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In case you haven’t noticed, it’s hot as the dickens outside, and I’m madder than a wet hen about it.

OK, I’m not really mad — I just wanted to use that Southern phrase.

A new acquaintance of mine, who was raised in Austin, Texas, and lives in Oregon, posted on Facebook a 2016 Southern Living magazine article, “24 phrases only Southerners use.”

She said, “I guess I am more Southern than I think,” because she had used two of those 24 phrases that day. Her fiance, and I don’t remember where he’s from (my guess is not the South), looked at her strangely when she used the phrase “as all get out.”

Well, of course. It isn’t weird at all. I use that one all the time. When I’m not madder than a wet hen, I’m madder than all get out.

My friend said she’d also used the phrase “too big for its britches” just that day, although she said it in reference to a plant that needed to be repotted. So she gets Southern points for using it, although it really means to be conceited.

She posted that she also loves to use “fixin’ to,” “over yonder,” “druthers,” “if the creek don’t rise,” “hold your horses,” “gumption” and her favorite, “full as a tick.” I’ve heard people say they’re full as a tick after a big meal, but they do realize ticks aren’t full of mashed potatoes and fried chicken, right?

I use “fixin’ to” multiple times a day, although, I noticed that I say it more like “I’mfixin’da” do something: “I’mfixin’da go to bed,” for example.

In the magazine article, the No. 1 phrase was “Bless your heart.” I used that just today in an email. I meant it as a true condolence today, but Southern women often use it to mean, “What were you thinking … fill in the blank — wearing, doing, saying that?”

A friend told me his mother has a full repertoire of weird sayings, including that someone “looks like death eating a cracker” when they look tired or sick. That is quite the mental picture, although I was left wondering, “What kind of cracker — saltine? Graham?”

Several other phrases on the magazine list were ones I’ve also heard or used all my life — “Hold your horses,” “Heavens to Betsy,” although I don’t know who Betsy is; “Well, I declare,” spoken by every Southern belle in every movie; “If the creek don’t rise,” meaning anything that might make plans fall through. I usually hear that as “Lord willing and the creek don’t rise.”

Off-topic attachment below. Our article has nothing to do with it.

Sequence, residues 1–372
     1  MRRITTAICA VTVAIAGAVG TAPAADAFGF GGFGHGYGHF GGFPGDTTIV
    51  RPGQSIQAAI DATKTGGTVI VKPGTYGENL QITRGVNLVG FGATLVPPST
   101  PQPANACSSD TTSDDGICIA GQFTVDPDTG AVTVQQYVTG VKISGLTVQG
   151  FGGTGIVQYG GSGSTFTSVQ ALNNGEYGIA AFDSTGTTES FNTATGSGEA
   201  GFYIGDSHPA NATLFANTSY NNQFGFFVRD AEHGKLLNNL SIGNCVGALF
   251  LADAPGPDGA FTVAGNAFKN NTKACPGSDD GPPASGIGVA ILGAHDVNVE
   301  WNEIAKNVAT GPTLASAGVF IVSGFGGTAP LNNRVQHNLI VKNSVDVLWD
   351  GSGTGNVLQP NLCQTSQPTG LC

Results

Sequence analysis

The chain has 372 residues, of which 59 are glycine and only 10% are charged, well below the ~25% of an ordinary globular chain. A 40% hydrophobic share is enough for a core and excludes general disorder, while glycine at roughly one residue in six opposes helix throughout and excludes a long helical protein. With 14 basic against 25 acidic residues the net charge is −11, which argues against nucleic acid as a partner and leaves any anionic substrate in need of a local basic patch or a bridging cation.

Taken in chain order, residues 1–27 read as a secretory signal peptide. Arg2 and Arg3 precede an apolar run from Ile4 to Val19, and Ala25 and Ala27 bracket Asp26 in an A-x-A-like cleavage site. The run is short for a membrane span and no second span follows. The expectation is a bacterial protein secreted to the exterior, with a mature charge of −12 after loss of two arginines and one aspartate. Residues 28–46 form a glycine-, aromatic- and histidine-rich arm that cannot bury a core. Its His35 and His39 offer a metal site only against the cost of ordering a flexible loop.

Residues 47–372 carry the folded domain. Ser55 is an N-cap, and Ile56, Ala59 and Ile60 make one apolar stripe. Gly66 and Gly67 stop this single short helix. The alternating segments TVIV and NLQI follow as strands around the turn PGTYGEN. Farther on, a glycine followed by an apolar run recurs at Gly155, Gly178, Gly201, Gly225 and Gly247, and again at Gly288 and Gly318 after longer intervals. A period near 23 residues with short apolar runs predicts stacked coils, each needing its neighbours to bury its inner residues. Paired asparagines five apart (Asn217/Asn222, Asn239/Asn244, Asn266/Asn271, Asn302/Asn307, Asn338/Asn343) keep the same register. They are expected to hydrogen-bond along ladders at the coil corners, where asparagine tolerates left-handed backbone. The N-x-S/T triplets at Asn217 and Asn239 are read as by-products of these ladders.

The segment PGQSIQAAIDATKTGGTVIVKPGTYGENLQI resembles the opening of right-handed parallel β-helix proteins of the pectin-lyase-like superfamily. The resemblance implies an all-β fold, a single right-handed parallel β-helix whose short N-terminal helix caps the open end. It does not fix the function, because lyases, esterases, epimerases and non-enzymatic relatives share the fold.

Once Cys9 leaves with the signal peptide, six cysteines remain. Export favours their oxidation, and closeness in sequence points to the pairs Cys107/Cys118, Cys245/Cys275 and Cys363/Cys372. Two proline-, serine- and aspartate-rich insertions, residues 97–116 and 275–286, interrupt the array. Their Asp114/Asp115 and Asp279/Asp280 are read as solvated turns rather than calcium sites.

A few of the sayings in this article were not ones I’ve ever used, such as “Worn slap out,” which was described as meaning exhausted, physically and mentally.

I also hadn’t used or heard “no bigger than a minnow in a fishing pond.” I have heard, “He’s a big fish in a little pond,” or vice versa, but that wasn’t on the list.

Also not on the list are a few others I have been known to say: “Good gravy,” which is sort of a “Good grief.” Sticking with that food item, I also say when someone sneezes, because my grandmother used to: “Scat Tom, your tail’s in the gravy.”

I have no idea. She was also inclined to say, “Golly, bum,” when she was irritated.

My dad’s longtime friend visited a few weeks ago, and Mom said the man couldn’t sit still. “He’s like a worm in hot ashes,” she said in a text to me.

As I’m writing this, my eyes are getting heavy. I was up with the chickens (really, just our cat) this morning, and I’m sleepy as a dog now. If I get a better night’s sleep, I’ll be happy as a pig in the sunshine tomorrow. I’ve got lots on my to-do list, and I’m going to be running around like a chicken with my head cut off.

Bless my heart.

Senior writer Tammy Keith can be reached at (501) 327-0370 or

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